Tuesday, 13 October 2015
Questions without Notice
Trans-Pacific Partnership Agreement
My question is to the Cabinet Secretary, Senator Sinodinos, representing the Minister for Trade and Investment. Will the Cabinet Secretary update the Senate on the next steps in the process for the Trans-Pacific Partnership Agreement?
I thank Senator Back for his question. The Trans-Pacific Partnership, as my colleague and friend the Minister for Finance mentioned, is the biggest trade deal for Australia for 20 years. It will benefit industries and sectors right across the Australian economy.
This process has been going now for some time. It ends a process which began late in 2008. Over this time, the Department of Foreign Affairs and Trade has held more than 1,000 stakeholder briefings and consultation sessions across the country, including with state and territory governments as well as peak industry bodies, companies, academics, unions, consumer groups and special interest groups, among others.
With these sorts of trade agreements you do have to have a consultation process. You cannot negotiate the text in the open, particularly when you are dealing with 12 other countries.
An opposition senator interjecting—
I am coming to that. Each of the 12 nations that have joined the Trans-Pacific Partnership must now follow their own processes for entering into treaties. For us here in Australia this will mean in the first instance that a national interest analysis must be performed. This analysis will examine the TPP in detail on how the agreement will affect Australia. From here both the text of the TPP and the accompanying national interest analysis will be tabled in parliament for 20 joint sitting day and the Joint Standing Committee on Treaties will conduct an inquiry into the TPP which will report back to the parliament in due course. Full transparency: the TPP will not be signed prior to the text being released publicly.
The TPP is a big deal for Australia. It will cover 40 per cent of global economic output. It is a deal which eliminates more than 98 per cent of tariffs among 12 member nations and removes tariffs on more than $9 billion of our exports.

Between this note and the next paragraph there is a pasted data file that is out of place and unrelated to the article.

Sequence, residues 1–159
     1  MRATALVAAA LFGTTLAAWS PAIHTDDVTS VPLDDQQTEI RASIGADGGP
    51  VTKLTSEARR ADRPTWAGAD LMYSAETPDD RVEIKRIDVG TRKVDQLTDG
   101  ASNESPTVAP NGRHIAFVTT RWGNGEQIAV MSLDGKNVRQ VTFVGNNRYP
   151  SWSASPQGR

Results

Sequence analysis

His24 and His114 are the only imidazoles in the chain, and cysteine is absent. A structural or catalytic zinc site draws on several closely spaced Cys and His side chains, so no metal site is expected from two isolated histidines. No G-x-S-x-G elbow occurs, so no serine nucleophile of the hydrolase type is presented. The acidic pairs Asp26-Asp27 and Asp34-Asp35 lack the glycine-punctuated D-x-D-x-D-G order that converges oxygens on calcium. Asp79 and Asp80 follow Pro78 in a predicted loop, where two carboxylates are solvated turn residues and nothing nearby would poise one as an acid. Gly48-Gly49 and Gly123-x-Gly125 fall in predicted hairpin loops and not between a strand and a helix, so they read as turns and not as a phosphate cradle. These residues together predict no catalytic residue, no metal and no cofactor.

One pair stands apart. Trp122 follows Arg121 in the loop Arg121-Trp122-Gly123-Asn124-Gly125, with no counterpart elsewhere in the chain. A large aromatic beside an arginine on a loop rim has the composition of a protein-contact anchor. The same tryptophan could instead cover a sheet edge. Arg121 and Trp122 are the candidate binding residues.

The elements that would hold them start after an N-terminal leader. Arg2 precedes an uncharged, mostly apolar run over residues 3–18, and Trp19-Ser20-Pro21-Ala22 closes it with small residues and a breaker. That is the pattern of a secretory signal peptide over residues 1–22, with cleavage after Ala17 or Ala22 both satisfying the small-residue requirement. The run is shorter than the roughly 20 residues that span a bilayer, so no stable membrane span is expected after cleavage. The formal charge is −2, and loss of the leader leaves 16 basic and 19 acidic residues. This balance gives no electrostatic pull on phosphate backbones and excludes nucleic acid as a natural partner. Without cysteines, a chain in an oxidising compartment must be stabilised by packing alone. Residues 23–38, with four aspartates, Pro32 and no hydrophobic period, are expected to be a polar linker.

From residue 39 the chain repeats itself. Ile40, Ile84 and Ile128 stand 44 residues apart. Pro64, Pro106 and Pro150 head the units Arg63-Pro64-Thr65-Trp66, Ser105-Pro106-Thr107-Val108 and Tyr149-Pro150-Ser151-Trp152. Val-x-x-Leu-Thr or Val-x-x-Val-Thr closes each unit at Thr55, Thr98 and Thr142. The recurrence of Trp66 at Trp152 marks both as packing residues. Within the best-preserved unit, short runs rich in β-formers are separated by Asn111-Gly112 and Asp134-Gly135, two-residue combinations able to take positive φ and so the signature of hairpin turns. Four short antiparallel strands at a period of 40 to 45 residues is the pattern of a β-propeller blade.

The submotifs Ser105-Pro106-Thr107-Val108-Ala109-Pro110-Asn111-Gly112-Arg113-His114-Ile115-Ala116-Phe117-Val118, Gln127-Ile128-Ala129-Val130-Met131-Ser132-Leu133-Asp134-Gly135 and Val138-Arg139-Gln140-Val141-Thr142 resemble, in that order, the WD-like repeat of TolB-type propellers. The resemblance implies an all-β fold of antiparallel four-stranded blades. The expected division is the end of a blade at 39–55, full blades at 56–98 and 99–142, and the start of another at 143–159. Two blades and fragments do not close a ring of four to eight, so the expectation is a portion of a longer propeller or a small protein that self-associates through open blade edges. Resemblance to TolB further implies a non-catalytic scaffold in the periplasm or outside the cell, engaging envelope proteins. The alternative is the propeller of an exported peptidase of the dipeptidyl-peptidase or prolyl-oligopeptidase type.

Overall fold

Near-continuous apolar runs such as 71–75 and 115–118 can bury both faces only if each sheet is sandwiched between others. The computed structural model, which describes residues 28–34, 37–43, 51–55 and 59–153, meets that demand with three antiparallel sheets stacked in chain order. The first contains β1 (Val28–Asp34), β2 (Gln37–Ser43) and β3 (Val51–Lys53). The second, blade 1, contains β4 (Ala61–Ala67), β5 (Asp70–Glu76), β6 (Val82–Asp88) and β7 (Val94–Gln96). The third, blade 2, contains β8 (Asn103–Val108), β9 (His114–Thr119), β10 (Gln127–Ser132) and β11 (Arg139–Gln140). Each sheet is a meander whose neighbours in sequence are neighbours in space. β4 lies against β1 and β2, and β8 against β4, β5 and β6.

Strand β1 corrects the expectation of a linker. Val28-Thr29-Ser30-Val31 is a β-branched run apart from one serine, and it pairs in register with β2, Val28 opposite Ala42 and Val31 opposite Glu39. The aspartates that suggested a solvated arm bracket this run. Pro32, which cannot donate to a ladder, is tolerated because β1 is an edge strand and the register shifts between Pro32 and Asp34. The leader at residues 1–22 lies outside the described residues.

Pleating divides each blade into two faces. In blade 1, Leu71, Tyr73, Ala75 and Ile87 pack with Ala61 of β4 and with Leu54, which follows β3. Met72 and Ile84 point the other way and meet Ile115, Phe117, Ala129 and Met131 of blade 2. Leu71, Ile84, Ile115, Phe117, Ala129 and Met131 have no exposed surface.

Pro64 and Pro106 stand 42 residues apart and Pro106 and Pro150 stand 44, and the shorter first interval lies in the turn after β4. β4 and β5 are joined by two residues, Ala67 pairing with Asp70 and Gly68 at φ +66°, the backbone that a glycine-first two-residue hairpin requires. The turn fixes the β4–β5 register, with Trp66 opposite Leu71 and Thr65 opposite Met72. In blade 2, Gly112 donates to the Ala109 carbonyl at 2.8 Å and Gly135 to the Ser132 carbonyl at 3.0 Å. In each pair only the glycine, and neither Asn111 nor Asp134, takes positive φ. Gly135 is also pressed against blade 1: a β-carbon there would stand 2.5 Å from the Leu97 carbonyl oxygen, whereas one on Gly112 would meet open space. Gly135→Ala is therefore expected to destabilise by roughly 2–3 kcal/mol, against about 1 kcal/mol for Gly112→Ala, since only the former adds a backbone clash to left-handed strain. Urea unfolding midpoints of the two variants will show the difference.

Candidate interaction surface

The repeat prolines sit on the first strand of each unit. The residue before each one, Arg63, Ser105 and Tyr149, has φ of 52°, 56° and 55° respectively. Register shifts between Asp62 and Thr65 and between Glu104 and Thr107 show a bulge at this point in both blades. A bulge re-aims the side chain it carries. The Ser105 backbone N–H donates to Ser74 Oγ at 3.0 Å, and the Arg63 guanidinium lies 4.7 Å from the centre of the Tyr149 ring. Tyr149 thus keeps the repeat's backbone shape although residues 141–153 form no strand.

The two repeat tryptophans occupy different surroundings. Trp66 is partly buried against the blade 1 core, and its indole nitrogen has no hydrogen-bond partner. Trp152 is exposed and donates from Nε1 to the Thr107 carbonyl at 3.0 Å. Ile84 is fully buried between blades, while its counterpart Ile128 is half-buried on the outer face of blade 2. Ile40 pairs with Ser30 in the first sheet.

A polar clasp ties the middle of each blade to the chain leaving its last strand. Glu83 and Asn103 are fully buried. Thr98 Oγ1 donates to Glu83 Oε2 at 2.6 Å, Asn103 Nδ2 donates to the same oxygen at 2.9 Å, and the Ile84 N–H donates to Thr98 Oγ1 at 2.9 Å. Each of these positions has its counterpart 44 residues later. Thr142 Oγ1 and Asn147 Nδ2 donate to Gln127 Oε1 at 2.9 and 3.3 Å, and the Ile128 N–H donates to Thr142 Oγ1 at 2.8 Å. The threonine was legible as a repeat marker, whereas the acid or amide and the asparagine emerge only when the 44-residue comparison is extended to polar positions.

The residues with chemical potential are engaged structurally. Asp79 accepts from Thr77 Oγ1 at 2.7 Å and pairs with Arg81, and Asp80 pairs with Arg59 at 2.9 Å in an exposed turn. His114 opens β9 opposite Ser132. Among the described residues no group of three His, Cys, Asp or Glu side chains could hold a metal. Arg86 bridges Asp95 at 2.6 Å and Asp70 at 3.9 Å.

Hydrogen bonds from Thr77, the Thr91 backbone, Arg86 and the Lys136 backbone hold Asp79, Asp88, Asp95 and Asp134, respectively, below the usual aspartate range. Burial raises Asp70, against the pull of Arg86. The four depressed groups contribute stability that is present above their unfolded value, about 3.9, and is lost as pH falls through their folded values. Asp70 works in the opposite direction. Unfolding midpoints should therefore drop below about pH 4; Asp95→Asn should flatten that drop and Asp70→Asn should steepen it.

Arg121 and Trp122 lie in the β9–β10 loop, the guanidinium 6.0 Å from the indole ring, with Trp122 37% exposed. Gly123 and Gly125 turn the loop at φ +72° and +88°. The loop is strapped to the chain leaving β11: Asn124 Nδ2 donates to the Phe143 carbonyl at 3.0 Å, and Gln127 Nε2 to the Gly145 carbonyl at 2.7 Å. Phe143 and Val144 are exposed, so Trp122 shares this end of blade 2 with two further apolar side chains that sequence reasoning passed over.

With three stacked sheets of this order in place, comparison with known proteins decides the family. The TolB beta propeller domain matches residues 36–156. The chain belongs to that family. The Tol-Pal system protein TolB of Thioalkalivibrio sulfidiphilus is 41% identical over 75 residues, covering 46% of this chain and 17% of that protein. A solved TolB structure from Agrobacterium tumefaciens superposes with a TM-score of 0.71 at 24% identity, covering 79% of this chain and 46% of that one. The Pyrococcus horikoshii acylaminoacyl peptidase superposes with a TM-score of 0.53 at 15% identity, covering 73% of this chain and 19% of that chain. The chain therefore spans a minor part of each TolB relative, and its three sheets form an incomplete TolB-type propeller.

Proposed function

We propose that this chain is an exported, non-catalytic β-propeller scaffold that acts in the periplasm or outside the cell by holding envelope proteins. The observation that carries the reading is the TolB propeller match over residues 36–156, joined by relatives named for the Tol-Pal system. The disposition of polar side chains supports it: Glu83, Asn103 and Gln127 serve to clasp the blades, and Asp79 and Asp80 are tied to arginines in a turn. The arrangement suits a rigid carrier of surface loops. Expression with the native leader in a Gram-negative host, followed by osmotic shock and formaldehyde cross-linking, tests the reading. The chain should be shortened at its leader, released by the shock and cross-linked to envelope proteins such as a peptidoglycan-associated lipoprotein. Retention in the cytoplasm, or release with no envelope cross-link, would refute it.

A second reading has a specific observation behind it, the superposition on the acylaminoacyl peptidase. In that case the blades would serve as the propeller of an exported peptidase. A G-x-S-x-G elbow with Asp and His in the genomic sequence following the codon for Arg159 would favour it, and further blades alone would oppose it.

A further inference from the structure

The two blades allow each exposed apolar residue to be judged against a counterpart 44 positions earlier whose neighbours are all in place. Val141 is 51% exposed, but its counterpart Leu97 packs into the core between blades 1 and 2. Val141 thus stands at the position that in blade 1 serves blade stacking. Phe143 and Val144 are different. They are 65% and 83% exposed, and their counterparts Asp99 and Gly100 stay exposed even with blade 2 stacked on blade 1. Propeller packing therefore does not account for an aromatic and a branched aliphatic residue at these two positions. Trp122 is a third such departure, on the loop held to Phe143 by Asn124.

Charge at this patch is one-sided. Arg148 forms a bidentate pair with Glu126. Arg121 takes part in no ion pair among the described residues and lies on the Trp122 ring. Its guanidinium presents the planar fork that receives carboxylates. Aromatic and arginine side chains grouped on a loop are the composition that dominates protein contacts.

The process for the TPP to enter into force is the same process that has been in force for 20 years. The Korea and Japan free trade agreements have been subject to the same process for treaties in Australia. Both were supported by the opposition, and we welcome that support. The process is the same as for the Chile and Malaysia free trade agreements, which occurred under the Rudd-Gillard-Rudd governments. Free trade agreements with New Zealand, Singapore and the US, amongst others, have all gone through the same process. The TPP will follow the usual proper processes of all other FTAs to be entered into by Australia in the last two decades.
The TPP will make major reductions in red tape and the administrative burdens on trade. It will ensure customs procedures among member nations are both more transparent and more efficient. Everybody knows that stock that is stuck on the docks is a day of costs, so pallets and containers will no longer attract a duty when used to move goods among member nations. By moving goods into overseas markets faster and cheaper, new opportunities will open up for Australian exporters. There will be regional rules of origin brought into force and a single set of documentary procedures for products traded under the TPP. This will make trading between the 12 member nations cheaper and encourage more common markets across the Asia-Pacific region. If the Greens want more transparency around the TPP, why don't they start with more transparency around their own conferences?